Soaring values mean only 10pc of earners in the capital can afford to get on the property ladder

Just 10pc of London earners can afford to get on the property ladder in the capital, as house price growth across Britain rose at the fastest rate since 2006.
Values increased by 10.4pc in the year to December, up from 10pc in November, according to lender Nationwide. Prices hit a record high of £254,822, up by an average of £24,000 in 2021.
This was the largest ever rise in prices in a single year in cash terms. Property values are now 16pc higher than before the pandemic started.
Over the past decade affordability has been most stretched in London, where now only a tenth of earners can afford a typical first-time buyer property, with a 20pc deposit and borrowing four times their income. This has roughly halved in the past decade as wage growth failed to keep up with soaring house prices.
In the South East and South West of England, the top 20pc of earners could afford a home under the same criteria, compared with 70pc in the North and Scotland.
Raising a deposit is still the biggest hurdle to homeownership, according to Nationwide, with the average first-time buyer requiring £88,000 for a 20pc down payment in the capital.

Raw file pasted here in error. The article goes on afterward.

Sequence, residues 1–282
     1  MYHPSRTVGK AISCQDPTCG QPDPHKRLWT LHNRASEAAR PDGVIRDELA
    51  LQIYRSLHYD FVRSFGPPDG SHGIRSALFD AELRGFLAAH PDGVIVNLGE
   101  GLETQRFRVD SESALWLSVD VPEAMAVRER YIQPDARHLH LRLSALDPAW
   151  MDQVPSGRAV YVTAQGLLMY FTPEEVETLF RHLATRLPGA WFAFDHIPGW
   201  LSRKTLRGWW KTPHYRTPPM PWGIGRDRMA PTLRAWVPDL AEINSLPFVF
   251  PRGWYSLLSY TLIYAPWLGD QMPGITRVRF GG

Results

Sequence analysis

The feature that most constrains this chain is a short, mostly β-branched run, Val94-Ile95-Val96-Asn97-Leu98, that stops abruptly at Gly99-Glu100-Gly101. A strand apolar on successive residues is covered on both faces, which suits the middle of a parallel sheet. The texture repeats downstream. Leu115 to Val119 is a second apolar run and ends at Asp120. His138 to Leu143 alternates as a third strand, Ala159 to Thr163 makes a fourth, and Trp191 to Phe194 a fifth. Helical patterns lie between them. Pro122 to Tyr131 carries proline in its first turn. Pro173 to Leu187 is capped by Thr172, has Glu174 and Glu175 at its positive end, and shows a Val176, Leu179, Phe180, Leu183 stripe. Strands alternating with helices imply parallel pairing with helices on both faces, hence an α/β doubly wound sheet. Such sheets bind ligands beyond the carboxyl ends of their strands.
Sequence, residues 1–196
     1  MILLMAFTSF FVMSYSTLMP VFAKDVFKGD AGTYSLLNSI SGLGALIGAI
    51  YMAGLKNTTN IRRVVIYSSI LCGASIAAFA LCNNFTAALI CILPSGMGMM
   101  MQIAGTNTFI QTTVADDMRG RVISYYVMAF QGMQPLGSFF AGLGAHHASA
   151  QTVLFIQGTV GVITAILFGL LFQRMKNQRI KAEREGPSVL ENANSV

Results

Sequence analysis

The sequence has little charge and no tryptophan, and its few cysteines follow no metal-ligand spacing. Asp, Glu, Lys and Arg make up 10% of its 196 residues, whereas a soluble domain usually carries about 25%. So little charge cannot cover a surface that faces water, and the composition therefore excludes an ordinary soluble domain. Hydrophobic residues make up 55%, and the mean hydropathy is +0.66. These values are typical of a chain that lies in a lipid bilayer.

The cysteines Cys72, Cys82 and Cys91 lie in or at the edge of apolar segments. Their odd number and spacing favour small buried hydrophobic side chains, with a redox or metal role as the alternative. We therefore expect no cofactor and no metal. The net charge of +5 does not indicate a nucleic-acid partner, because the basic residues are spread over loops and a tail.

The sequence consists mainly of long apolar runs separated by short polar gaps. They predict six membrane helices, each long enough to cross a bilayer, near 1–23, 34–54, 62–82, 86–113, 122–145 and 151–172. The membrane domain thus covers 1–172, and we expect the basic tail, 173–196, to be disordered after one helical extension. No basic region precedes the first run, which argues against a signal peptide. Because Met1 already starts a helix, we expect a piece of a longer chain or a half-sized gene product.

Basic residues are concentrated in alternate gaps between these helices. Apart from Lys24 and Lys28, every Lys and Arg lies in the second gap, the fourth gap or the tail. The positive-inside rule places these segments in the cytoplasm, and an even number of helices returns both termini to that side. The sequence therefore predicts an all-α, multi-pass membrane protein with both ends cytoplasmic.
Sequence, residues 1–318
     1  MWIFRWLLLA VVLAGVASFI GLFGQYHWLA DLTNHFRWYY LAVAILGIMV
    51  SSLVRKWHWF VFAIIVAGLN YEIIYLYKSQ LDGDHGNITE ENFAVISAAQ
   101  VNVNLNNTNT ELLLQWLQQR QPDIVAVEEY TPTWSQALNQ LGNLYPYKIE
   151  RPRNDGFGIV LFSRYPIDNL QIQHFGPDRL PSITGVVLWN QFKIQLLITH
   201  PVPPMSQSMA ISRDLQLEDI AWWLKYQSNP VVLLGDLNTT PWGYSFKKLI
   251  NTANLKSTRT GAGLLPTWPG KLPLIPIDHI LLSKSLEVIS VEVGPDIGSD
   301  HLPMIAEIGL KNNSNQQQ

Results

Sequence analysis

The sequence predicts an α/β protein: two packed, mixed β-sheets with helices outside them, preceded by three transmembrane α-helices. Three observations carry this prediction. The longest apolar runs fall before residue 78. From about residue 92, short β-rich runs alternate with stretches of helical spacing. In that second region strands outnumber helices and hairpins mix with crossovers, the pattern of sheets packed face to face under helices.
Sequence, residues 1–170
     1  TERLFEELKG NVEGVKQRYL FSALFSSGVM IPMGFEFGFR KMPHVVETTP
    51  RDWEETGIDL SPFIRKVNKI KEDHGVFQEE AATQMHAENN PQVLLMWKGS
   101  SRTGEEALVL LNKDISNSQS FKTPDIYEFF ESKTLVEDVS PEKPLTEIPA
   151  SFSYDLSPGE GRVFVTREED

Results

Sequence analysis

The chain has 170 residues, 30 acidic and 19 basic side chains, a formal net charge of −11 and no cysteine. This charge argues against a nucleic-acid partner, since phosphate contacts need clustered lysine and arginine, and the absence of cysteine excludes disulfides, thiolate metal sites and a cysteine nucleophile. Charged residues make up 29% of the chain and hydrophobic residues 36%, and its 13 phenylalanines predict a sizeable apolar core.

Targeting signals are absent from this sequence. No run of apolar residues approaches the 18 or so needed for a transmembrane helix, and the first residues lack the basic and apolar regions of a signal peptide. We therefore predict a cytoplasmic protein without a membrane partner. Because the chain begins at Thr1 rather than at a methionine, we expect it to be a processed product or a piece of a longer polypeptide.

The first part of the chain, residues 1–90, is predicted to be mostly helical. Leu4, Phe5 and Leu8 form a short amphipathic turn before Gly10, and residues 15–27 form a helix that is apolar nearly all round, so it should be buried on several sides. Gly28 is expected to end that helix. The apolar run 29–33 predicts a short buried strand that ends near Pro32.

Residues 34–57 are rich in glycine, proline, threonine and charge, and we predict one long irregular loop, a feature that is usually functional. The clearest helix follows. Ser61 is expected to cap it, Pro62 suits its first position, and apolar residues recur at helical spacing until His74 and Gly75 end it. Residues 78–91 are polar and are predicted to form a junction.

Robert Gardner, of the lender, said the “extremely low” stock of homes on the market was propping up price growth.
He added: “Demand has remained strong in recent months, despite the end of the stamp duty holiday at the end of September. Indeed, in the first 11 months of 2021 the total number of property transactions was almost 30pc higher than over the same period of 2019.”
House prices in Wales have consistently outperformed those in all other regions this year and average property values in the country are up 15.8pc year-on-year. It is the first time Wales has topped the house price charts since Nationwide’s records began.
Northern Ireland and Scotland also recorded double-digit growth of 12.1pc and 10.1pc respectively in the final quarter of this year, whilst house prices in England increased by 9pc.
London, where prices rose by 4.2pc, lagged behind and was the only region where the rate of house price growth in 2021 was lower than the previous year.
Mr Gardner said it was likely that the housing market would slow next year in the absence of a stamp duty holiday and amid high mortgage interest rates.
“The outlook remains extremely uncertain,” he added. “The strength of the market surprised in 2021 and could do so again in the year ahead. It still has significant momentum, and shifts in housing preferences as a result of the pandemic could continue to support activity and price growth.”
Anthony Codling, of property website Twindig, said it was likely house prices would continue to rise in 2022. “Over the last 25 years, house prices have increased, on average, by 5.9pc and only fallen in three of those years: 2008, 2009 and 2011.
“Next year might not be as hot as 2021, but we expect to see house prices rise, on average, by 5pc, around £1,000 per month.”